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Malaysia’s new leader delays Parliament by two months

This article is more than 12 months old

Opponents fear this means more time for new government to entice MPs to cross the aisle

KUALA LUMPUR: New Malaysian Prime Minister Muhyiddin Yassin has postponed the start of parliamentary proceedings by two months, the Speaker of Parliament said yesterday, amid opposition efforts to challenge his government with a confidence vote.

Mr Muhyiddin was sworn in on Sunday after a week of political turmoil triggered by the abrupt resignation of Dr Mahathir Mohamad.

The Malaysian king, Sultan Abdullah Ri'ayatuddin Ahmad Shah, appointed Mr Muhyiddin as the leader, saying he believed Mr Muhyiddin possibly had majority support in Parliament.

But Dr Mahathir's coalition has said they have the majority and vowed to bring a confidence vote when Parliament reconvened on March 9.

But Speaker Mohamad Ariff Md Yusof said in a statement he has received a letter from Mr Muhyiddin stating the session will instead start on May 18, Reuters reported.

Mr Muhyiddin, a former interior minister in Dr Mahathir's Cabinet, joined hands with Umno - which lost federal power in the 2018 election - and Parti Islam SeMalaysia (PAS) to form a new coalition.

His move came after the resignation of Dr Mahathir, who then tried out to form a national unity government but got little support from politicians.

Dr Mahathir went back to partner with his old rival Parti Keadilan Rakyat (PKR) president Anwar Ibrahim to stop Mr Muhyiddin, but the King's decision to appoint the latter put an end to the efforts.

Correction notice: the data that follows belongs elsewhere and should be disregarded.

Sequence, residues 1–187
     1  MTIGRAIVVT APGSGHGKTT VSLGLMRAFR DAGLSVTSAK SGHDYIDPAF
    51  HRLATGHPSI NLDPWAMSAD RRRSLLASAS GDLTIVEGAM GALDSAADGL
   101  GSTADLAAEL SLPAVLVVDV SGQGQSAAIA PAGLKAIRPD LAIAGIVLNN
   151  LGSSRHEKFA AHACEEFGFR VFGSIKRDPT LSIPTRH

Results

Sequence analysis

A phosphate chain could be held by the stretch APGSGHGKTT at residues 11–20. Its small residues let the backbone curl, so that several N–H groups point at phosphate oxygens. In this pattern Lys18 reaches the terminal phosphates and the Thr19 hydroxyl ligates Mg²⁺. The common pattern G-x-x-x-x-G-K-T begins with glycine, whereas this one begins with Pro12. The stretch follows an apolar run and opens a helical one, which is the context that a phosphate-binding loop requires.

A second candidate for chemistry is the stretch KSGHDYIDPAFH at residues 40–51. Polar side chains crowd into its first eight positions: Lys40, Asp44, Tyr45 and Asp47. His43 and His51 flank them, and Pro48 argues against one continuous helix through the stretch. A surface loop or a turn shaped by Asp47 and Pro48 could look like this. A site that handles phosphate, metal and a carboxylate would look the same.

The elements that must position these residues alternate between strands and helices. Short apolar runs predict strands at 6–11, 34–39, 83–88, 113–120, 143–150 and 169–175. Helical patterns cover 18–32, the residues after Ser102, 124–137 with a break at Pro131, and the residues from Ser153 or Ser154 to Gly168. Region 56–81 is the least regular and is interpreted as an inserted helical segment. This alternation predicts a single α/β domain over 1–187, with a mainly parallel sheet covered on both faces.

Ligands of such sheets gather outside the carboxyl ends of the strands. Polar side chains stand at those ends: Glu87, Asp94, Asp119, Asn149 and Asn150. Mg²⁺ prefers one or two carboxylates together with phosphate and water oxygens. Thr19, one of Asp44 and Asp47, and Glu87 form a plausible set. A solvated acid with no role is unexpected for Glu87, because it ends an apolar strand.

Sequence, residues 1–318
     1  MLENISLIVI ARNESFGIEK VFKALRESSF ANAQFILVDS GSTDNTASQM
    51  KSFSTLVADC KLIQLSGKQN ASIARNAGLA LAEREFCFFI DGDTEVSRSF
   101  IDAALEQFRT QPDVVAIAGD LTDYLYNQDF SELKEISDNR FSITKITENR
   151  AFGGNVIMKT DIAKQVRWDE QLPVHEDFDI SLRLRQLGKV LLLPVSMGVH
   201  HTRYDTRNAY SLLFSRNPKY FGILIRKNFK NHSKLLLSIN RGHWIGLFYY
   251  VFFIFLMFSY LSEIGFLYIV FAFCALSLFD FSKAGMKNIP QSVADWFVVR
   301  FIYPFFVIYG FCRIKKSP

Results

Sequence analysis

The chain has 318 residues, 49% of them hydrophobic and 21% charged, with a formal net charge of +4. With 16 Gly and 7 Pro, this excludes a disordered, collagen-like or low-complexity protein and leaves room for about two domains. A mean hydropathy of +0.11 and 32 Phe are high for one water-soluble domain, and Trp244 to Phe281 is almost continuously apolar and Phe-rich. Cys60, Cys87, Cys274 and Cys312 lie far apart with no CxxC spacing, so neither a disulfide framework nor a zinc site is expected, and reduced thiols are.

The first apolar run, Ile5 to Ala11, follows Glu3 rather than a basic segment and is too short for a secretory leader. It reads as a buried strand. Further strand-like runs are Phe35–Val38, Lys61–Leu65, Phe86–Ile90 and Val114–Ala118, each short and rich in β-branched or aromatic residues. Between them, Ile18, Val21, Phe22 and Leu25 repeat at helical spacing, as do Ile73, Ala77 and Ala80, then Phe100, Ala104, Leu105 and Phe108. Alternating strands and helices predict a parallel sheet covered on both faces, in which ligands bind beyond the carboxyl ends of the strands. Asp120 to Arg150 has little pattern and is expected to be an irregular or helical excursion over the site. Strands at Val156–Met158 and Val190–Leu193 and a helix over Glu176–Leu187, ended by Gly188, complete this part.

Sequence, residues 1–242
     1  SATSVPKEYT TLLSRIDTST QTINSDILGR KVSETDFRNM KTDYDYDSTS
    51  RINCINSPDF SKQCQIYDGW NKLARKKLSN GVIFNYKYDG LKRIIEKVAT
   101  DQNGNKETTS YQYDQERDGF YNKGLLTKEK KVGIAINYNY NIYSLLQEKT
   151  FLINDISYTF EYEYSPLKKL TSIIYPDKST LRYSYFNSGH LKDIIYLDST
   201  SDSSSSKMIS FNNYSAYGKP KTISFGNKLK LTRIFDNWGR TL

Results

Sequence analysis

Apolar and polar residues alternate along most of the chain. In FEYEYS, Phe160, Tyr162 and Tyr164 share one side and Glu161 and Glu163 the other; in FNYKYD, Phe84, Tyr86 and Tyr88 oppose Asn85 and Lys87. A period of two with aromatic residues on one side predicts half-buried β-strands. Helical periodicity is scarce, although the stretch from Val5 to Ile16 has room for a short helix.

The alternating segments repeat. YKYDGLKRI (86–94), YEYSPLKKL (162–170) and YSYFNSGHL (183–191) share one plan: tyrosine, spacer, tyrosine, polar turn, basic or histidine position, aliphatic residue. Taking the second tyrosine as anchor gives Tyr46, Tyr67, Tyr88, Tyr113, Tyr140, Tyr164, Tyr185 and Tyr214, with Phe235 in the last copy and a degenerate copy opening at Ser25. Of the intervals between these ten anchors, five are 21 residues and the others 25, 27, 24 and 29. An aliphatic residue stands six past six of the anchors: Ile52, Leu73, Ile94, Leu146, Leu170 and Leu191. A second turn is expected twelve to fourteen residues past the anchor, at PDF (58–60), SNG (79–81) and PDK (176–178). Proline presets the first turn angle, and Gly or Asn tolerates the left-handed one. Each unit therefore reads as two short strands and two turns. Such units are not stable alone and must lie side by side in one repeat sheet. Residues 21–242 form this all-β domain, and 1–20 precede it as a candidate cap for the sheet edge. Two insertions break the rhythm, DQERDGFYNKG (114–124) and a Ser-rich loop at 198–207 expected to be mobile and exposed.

CONCERNS

Opponents of the new Perikatan Nasional government, including Dr Mahathir, have expressed concerns that if Parliament is not convened soon, the new ruling coalition will have time to entice MPs to cross the aisle, The Straits Times reported.

The opposition Bukit Gelugor MP Ramkarpal Singh said that while the postponement was expected as a new government was just installed, an urgent sitting can still be held earlier.

"The Prime Minister should call an urgent meeting of Parliament now in the public interest to determine if he commands majority support in the House, as there are doubts as to whether he does," he said in a statement.

In another development, Mr Anwar confirmed yesterday he had been offered the prime minister's job just before last week's crisis if he backed Umno.

Mr Anwar simply wrote "Yes" on Twitter, attaching a report quoting PKR's Setiawangsa MP Nik Nazmi Nik Ahmad revealing the offer but did not elaborated further, the Malay Mail reported.

Yesterday, Mr Nik Nazmi had shared in an Instagram post that Mr Anwar could have been appointed as prime minister if he had abandoned his Pakatan Harapan (PH) allies and embraced Umno leaders facing corruption and criminal charges.

In yet another development, former Malaysian prime minister Najib Razak said yesterday that the fall of the government that ousted him meant he now expected an atmosphere more conducive to a fair hearing, Reuters reported.

Najib is on trial for corruption that includes the multi-billion dollar 1Malaysia Development Berhad fraud.

"I would expect that the atmosphere would be more conducive towards a fair trial," Najib said, at his mansion in an affluent neighbourhood of Kuala Lumpur before heading to his latest court appearance.

"I'm not alluding to anything, because there's no conclusion to the trial... But hopefully, you know, I will get a fair trial."

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